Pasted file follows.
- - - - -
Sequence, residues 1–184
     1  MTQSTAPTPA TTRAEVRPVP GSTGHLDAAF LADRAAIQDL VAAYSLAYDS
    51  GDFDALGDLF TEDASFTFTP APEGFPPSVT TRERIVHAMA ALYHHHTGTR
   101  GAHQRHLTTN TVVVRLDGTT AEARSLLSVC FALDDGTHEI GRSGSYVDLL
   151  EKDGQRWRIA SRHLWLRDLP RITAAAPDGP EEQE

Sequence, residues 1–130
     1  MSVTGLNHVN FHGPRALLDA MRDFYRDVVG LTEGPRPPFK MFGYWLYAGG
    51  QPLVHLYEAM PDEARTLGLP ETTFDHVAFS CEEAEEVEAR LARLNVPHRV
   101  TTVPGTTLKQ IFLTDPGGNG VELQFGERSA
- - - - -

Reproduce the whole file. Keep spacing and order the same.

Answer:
Sequence, residues 1–184
     1  MTQSTAPTPA TTRAEVRPVP GSTGHLDAAF LADRAAIQDL VAAYSLAYDS
    51  GDFDALGDLF TEDASFTFTP APEGFPPSVT TRERIVHAMA ALYHHHTGTR
   101  GAHQRHLTTN TVVVRLDGTT AEARSLLSVC FALDDGTHEI GRSGSYVDLL
   151  EKDGQRWRIA SRHLWLRDLP RITAAAPDGP EEQE

Sequence, residues 1–130
     1  MSVTGLNHVN FHGPRALLDA MRDFYRDVVG LTEGPRPPFK MFGYWLYAGG
    51  QPLVHLYEAM PDEARTLGLP ETTFDHVAFS CEEAEEVEAR LARLNVPHRV
   101  TTVPGTTLKQ IFLTDPGGNG VELQFGERSA